This undated photo released by the United Nations, shows the sophisticated bugging device, which has been found in the Salon Francais, in the Palais des Nations, United Nations European headquarters, in Geneva, Switzerland. The United Nations said on Thursday, Dec.16, 2004 that a secret listening device had been found in a posh meeting room of its European headquarters in Geneva. The room was used by ministers from major powers last year during private talks on Iraq following the U.S. invasion and occupation. Marie Heuze, chief U.N. spokeswoman in Geneva, confirmed the report by French-language Swiss Television which said the bugging device had been uncovered in recent months in the Salon Francais of the Palais des Nations, formerly the League of Nations. (AP Photo/Keystone/Swiss TV/TSR)
In this undated photo released by the UN, the sophisticated bugging device is shown, which has been found in the Salon Francais, in the Palais des Nations, United Nations European headquarters, in Geneva, Switzerland. The device was in a room adjoining a main conference hall, where it could have been used to eavesdrop on any private conversations, the global body said Friday, Dec. 17, 2004. (AP Photo/Keystone/Swiss TV/TSR) ** BEST QUALITY AVAILABLE ** NO SALES** TV SCREENSHOT **
** FILE ** In this undated photo released by the UN the Salon Francais is shown, where a sophisticated bugging device had been uncovered, in the Palais des Nations, United Nations European headquarters, in Geneva, Switzerland. The device could have been used to eavesdrop on any private conversations, the global body said Friday, Dec. 17, 2004. (AP Photo/KEYSTONE/UN) ** B&W IMAGE** **NO SALES**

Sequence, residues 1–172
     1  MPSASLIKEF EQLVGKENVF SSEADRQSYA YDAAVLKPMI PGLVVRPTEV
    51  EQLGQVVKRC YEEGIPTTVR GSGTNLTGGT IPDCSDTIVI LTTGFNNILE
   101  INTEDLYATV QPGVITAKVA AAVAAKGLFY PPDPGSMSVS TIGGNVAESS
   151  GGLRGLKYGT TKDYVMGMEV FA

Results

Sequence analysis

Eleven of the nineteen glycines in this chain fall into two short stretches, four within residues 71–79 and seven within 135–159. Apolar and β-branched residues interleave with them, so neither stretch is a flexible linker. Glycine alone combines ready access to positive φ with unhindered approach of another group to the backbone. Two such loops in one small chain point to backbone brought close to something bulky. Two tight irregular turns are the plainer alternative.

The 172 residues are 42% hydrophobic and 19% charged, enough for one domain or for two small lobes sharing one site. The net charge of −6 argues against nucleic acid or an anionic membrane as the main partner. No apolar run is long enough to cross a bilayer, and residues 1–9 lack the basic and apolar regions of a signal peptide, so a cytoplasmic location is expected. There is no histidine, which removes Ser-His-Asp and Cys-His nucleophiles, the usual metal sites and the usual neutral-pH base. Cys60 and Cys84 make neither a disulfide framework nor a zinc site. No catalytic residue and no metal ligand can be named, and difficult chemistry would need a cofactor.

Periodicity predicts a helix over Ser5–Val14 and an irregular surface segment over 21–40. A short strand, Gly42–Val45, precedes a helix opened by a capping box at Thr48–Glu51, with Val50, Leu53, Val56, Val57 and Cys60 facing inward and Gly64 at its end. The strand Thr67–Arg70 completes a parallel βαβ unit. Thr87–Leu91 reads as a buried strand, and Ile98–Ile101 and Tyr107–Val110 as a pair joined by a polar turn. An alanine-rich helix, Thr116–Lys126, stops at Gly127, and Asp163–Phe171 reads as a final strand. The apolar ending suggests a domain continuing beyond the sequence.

Cuban dissident, Oswaldo Paya, holds a tapping device found in his home telephone, Monday, Dec. 13, 2004 in Havana, Cuba. Paya denounced, to the media, that the Cuban Secret Service bugged his telephone. (AP Photo/Cristobal Herrera)
Sinn Fein President Gerry Adams, left, and party colleague Mitchel McLaughlin show the bugging device found at the partys office in Belfast, Northern Ireland, Tuesday, Sept. 14, 2004. The bug, disguised as a floor joist and discovered during renovation work, was hidden under the floor of a first floor office with microphones pointing up into the office and down into a conference room below, said Sinn Fein. (AP Photo/Peter Morrison)
Sinn Fein President Gerry Adams holds up an electronic tracking and listening device that was found in a car used by Sinn Fein leaders during a press conference at Stormont, Belfast, Northern Ireland Wednesday, Dec. 8, 1999. Adams suspected people in the British military establishment were responsible for the device. An agreement brokered last month by U.S. diplomat George Mitchell has already put two Sinn Fein politicians into Northern Ireland's new power-sharing government, including former IRA commander Martin McGuinness. In return, the IRA is supposed to begin disarming, preferably in January. But Sinn Fein is now protesting that the British have been caught cheating on the gentleman's terms of those negotiations - and hinting that this might justify IRA stalling. (AP Photo/Peter Morrison)